Team LiB
Previous Section Next Section

2.10. Packages and the Java Namespace

A package is a named collection of classes, interfaces, and other reference types. Packages serve to group related classes and define a namespace for the classes they contain.

The core classes of the Java platform are in packages whose names begin with java. For example, the most fundamental classes of the language are in the package java.lang. Various utility classes are in java.util. Classes for input and output are in, and classes for networking are in Some of these packages contain subpackages, such as java.lang.reflect and java.util.regex. Extensions to the Java platform that have been standardized by Sun typically have package names that begin with javax. Some of these extensions, such as javax.swing and its myriad subpackages, were later adopted into the core platform itself. Finally, the Java platform also includes several "endorsed standards," which have packages named after the standards body that created them, such as org.w3c and org.omg.

Every class has both a simple name, which is the name given to it in its definition, and a fully qualified name, which includes the name of the package of which it is a part. The String class, for example, is part of the java.lang package, so its fully qualified name is java.lang.String.

This section explains how to place your own classes and interfaces into a package and how to choose a package name that won't conflict with anyone else's package name. Next, it explains how to selectively import type names into the namespace so that you don't have to type the package name of every class or interface you use. Finally, the section explains a feature that is new in Java 5.0: the ability to import static members of types into the namespace so that you don't need to prefix these with a package name or a class name.

2.10.1. Package Declaration

To specify the package a class is to be part of, you use a package declaration. The package keyword, if it appears, must be the first token of Java code (i.e., the first thing other than comments and space) in the Java file. The keyword should be followed by the name of the desired package and a semicolon. Consider a Java file that begins with this directive:

package com.davidflanagan.examples;

All classes defined by this file are part of the package com.davidflanagan.examples.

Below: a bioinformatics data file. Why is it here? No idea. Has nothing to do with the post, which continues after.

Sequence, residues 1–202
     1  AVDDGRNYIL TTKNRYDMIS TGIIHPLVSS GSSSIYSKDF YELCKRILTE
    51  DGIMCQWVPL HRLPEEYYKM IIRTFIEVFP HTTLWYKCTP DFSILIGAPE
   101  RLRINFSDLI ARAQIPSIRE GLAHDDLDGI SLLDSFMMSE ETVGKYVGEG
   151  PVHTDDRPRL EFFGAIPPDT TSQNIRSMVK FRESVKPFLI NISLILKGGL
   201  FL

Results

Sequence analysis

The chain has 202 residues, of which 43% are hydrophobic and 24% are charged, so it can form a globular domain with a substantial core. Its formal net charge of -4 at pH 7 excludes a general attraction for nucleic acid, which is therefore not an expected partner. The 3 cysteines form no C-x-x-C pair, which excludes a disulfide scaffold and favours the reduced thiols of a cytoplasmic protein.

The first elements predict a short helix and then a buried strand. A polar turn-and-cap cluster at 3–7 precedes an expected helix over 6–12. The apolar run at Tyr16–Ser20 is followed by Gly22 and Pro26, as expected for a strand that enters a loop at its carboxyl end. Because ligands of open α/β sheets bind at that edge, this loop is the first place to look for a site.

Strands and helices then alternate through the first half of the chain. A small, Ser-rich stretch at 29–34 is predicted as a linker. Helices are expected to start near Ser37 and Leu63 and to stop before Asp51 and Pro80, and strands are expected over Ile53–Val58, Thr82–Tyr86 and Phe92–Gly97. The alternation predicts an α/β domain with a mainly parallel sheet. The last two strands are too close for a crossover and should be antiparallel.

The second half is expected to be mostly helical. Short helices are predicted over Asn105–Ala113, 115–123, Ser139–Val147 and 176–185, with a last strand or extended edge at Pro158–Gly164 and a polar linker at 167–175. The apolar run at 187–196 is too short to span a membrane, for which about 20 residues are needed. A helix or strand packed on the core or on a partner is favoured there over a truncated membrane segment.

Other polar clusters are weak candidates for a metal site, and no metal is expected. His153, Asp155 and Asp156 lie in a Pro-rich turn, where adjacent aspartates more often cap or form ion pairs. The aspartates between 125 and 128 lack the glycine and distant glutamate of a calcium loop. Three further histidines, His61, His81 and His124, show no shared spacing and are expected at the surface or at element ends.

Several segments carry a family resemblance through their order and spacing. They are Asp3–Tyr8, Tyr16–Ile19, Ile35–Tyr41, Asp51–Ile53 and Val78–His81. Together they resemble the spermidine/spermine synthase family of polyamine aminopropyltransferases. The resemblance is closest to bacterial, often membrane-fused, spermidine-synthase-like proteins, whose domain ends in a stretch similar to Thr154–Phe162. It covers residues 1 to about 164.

If no package directive appears in a Java file, all classes defined in that file are part of an unnamed default package. In this case, the qualified and unqualified names of a class are the same. The possibility of naming conflicts means that you should use this default package only for very simple code or early on in the development process of a larger project.

2.10.2. Globally Unique Package Names

One of the important functions of packages is to partition the Java namespace and prevent name collisions between classes. It is only their package names that keep the java.util.List and java.awt.List classes distinct, for example. In order for this to work, however, package names must themselves be distinct. As the developer of Java, Sun controls all package names that begin with java , javax, and sun.

For the rest of us, Sun proposes a package-naming scheme, which, if followed correctly, guarantees globally unique package names. The scheme is to use your Internet domain name, with its elements reversed, as the prefix for all your package names. My web site is at, so all my Java packages begin with com.davidflanagan. It is up to me to decide how to partition the namespace below com.davidflanagan, but since I own that domain name, no other person or organization who is playing by the rules can define a package with the same name as any of mine.

Note that these package-naming rules apply primarily to API developers. If other programmers will be using classes that you develop along with unknown other classes, it is important that your package name be globally unique. On the other hand, if you are developing a Java application and will not be releasing any of the classes for reuse by others, you know the complete set of classes that your application will be deployed with and do not have to worry about unforeseen naming conflicts. In this case, you can choose a package naming scheme for your own convenience rather than for global uniqueness. One common approach is to use the application name as the main package name (it may have subpackages beneath it).